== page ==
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When it comes to safeguarding your legacy, nothing compares to having a comprehensive estate plan in place. As part of estate planning, you will need to decide who is going to inherit what. Generally, the surviving spouse and children are the first in line to inherit a deceased person’s assets. However, transferring assets to your children may be fraught with potential pitfalls and ramifications to avoid. While giving your assets to your children may seem like an appealing idea, it could lead to unforeseen consequences. For help with the complexities involved in transferring property during your lifetime or after your death, consider reaching out to an estate planning lawyer at Roulet Law Firm, P.A., to discuss the various options for your assets. Call our Minnetonka, Minnesota office at (763) 420-5087 or our southwest Florida office at (941) 909-4644 to schedule a meeting.

How Do You Transfer Assets Between Family Members?

There are several ways to transfer assets to your children or other family members, including:

  • Gifting: This method involves giving away your assets while you are still alive to reduce the size of your estate.
  • Beneficiary designations: Beneficiary designations mean naming a person to inherit a specific asset after your death. This works with life insurance policies, retirement and investment accounts, and some other assets.
  • Joint tenancy with rights of survivorship: Jointly held bank and investment accounts and jointly owned real estate pass to the surviving holder/owner(s) when one holder/owner dies. The asset must be owned through joint tenancy with the right of survivorship for this method to apply.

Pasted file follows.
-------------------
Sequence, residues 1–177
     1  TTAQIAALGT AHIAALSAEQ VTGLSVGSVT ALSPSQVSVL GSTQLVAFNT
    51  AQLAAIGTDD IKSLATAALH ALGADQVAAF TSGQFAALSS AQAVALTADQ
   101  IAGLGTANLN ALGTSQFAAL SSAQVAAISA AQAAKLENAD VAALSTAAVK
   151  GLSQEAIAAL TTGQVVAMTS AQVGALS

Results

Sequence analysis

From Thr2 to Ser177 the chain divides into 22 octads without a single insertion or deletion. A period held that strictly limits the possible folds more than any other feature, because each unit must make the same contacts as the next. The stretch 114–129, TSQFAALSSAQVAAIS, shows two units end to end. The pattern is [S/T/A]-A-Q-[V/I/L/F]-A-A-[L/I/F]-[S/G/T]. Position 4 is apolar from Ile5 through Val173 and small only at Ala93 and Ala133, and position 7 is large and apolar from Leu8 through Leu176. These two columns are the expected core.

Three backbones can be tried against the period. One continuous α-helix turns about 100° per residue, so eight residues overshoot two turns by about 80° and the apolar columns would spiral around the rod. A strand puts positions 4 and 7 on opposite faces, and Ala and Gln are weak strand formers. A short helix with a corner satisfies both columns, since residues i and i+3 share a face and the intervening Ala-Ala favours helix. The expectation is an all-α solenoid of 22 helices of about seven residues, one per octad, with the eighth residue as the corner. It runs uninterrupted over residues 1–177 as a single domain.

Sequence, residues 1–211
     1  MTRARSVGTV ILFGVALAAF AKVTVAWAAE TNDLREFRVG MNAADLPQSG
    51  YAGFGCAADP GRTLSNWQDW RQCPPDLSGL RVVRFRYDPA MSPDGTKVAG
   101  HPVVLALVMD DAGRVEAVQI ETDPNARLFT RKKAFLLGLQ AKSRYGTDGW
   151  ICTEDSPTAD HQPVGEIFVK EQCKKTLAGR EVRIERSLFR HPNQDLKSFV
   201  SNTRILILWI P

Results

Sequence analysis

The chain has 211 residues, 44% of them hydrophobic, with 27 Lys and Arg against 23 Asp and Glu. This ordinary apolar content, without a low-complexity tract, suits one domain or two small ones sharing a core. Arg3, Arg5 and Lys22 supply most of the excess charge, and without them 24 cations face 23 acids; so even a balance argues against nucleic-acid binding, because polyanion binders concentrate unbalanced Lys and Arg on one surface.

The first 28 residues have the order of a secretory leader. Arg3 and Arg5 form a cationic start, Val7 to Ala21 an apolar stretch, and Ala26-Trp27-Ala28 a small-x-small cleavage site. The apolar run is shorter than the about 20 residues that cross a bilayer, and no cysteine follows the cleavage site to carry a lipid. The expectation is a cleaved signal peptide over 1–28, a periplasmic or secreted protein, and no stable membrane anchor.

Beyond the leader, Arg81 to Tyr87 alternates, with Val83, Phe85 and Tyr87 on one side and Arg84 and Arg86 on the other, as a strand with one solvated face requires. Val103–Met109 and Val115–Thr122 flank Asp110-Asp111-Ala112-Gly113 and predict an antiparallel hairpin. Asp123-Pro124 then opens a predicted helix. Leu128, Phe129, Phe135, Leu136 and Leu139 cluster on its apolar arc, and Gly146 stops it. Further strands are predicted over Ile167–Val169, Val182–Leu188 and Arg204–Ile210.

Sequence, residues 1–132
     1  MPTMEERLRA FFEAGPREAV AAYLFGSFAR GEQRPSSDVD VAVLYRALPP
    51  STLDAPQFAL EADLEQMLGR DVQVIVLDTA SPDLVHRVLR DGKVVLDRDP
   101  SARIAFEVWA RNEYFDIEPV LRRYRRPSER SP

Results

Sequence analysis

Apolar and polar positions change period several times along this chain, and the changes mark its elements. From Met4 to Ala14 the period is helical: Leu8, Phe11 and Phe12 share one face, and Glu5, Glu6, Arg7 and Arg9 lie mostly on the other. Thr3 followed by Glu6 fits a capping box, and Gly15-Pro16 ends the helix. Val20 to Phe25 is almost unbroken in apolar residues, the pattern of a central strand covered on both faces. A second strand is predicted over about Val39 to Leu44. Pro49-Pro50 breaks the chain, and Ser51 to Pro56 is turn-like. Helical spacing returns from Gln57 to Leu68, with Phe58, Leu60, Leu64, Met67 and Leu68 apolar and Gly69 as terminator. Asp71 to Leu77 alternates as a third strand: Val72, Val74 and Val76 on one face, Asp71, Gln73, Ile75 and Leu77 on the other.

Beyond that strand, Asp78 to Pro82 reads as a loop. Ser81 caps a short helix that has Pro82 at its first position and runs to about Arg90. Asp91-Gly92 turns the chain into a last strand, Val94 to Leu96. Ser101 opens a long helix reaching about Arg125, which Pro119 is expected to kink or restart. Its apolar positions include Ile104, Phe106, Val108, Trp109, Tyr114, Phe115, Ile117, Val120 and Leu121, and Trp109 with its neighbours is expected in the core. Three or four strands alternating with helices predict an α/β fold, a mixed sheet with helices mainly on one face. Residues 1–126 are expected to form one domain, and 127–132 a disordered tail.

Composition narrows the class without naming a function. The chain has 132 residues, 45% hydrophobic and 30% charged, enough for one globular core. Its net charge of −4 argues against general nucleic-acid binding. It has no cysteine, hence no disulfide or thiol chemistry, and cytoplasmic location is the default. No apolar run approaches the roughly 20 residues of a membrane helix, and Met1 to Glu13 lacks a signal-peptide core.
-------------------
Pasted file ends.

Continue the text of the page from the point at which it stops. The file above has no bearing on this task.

• Trust: An individual can create a trust and appoint a trustee to hold specific assets on behalf of children or other beneficiaries. The trust arrangement can be customized to specify how the trustor wants his or her assets to be distributed to the beneficiaries.
  • Probate: If an asset does not pass to an heir through any of the above-mentioned methods, it will generally pass through the process called “probate.” The Florida State Courts Self-Help website defines probate as a court-supervised process for distributing assets to the deceased’s heirs.

If your children are not old or mature enough, you may be concerned about protecting your family’s wealth. You can achieve this by creating a trust and setting the conditions under which the asset will be distributed to the child instead of giving the child full access to the asset. In a common example, many trusts specify that the beneficiary will get access to funds or assets in the trust after turning 18 or graduating from college.

That being said, we usually suggest that children be at least 25 before being given complete control of assets as they are often more mature. Even better, you may want to consider utilizing a lifetime asset protection trust for them that would allow access to the funds for their health, education, maintenance and support while having the added benefits of protecting their inheritance in the event they get divorced, get sued, suffer a job loss or medical emergency.